My Dad's aesthetic view of forests did not include deadwood, either. Dad preferred a "clean" forest -- one clear of dead trees and untidy brush strewn haphazardly about, favouring instead a more park-like setting with evenly spaced trees and even, vertical lines that some say appeal to the human eye. Perhaps the appeal of this park-like setting is linked to our ancestral instincts, to a time when such a forest setting gave our ancestors the best chance to see and avoid predators.

At least one-quarter of wildlife species in the Acadian Forest -- including this back-backed woodpecker -- depend on woody debris or dead or dying trees for habitat.
(Photo courtesy of Mark Elderkin)

Over time, Dad's industrial approach gradually gave way to a more holistic view of forests and forest management. He began to see dead trees as important sources of soil nutrients, as food, and as habitat for a huge variety of wildlife. In areas of our family's land where we once removed deadwood, we now actively restore it to more natural levels. His own shift is indicative of a larger movement towards a more balanced approach to forest management, including the importance of managing for deadwood.
No such thing as "waste wood"

Deadwood has long been considered as "waste wood" with no true value. In fact, nothing could be farther from the truth. Deadwood is the life of a forest, and reducing levels of deadwood in forests can reduce soil nutrients, soil organic matter, forest productivity, wildlife habitat and forest carbon storage.

Many wildlife species that call the forest home need deadwood. At least one-quarter of wildlife species in the Acadian Forest depend on woody debris or dead or dying trees for habitat. Harvesting dead and decaying wood to feed bio-energy markets caused the decline of numerous endangered species in Europe. Species associated with deadwood now make up the largest group of threatened species there; Sweden alone has 800 species that depend on deadwood on their Red List of threatened and endangered species.
In Nova Scotia, threats to deadwood are mounting as the province's biomass energy industry expands. Feeding the Point Tupper biomass plant has driven forest harvesting practices to new lows by driving market demand for biomass-grade fibre to new heights. Europe is hungry for Canadian wood fibre as well, with demand for biomass expected to continue to grow.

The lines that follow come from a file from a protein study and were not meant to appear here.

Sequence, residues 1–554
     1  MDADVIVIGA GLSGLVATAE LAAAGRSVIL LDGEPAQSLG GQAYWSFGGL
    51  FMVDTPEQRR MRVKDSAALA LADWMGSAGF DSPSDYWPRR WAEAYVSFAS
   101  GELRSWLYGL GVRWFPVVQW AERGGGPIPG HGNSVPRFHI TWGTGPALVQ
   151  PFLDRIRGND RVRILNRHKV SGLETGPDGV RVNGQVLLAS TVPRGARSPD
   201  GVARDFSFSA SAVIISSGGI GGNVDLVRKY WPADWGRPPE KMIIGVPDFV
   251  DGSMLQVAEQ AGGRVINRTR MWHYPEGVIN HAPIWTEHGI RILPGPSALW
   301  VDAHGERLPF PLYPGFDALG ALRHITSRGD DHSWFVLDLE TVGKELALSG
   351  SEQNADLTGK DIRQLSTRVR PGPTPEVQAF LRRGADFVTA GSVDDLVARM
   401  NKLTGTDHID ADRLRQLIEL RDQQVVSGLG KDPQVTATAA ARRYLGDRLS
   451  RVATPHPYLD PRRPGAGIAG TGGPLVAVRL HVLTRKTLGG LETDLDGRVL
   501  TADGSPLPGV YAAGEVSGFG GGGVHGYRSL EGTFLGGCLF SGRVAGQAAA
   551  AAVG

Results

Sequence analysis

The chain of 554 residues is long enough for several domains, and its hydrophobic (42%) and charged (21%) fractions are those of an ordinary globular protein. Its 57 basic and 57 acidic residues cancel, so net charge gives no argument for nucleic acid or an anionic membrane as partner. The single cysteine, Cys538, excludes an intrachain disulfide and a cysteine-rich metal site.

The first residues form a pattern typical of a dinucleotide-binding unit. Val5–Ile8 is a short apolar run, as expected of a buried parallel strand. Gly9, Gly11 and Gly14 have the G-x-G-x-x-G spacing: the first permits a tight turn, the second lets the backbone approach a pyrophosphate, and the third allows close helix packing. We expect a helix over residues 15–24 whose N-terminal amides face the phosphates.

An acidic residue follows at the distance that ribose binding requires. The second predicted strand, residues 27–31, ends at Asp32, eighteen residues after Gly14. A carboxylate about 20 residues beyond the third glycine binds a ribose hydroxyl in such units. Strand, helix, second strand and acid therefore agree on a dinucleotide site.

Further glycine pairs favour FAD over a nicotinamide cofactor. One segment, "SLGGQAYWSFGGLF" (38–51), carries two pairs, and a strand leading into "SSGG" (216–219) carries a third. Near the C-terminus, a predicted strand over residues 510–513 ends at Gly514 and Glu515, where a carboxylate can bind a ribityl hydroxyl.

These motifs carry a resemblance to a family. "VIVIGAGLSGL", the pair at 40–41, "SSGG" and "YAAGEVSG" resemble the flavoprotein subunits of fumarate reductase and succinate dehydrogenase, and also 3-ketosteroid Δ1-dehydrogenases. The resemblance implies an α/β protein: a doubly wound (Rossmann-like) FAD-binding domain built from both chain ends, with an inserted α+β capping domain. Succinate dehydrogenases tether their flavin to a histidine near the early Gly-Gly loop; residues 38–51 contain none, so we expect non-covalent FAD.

There is more life in a "dead" tree than in a living one. (Photo courtesy of Mark Elderkin)

The province needs to develop a comprehensive suite of tools to prohibit the removal of tops and branches during timber harvesting, and to ensure that forests have adequate amounts of standing and fallen dead and decaying wood. The Government of Nova Scotia has been poised to take steps to address this problem for three years, but no concrete steps have been taken.
Leaving behind enough deadwood doesn't cost a lot -- especially given the paltry price offered for biomass-grade wood -- and the pay-off for landowners and forest managers is increased forest ecosystem stability and resiliency.
Like many woodlot owners, one of my Dad's main goals for his woodlot is to leave behind a forest that is healthier than when he began. With more productive soils, and more diverse and abundant wildlife, his woodlot legacy has certainly benefited from his new approach to deadwood.

(Editor's note: Matt Miller is part of the Wildland Writers. Beginning this month, Legacy will feature forestry-oriented articles from members of the group -- both new work and reprints from other publications. This piece originally appeared in The Chronicle Herald of Halifax.)
NSWOOA| PO Box 823, Truro, NS B2N 5G6 |
Truly sustainable forest management means that all values of our woodlands
-- ecological, social, cultural and economic -- are preserved for future generations.

Copyright 2014. All Rights Reserved.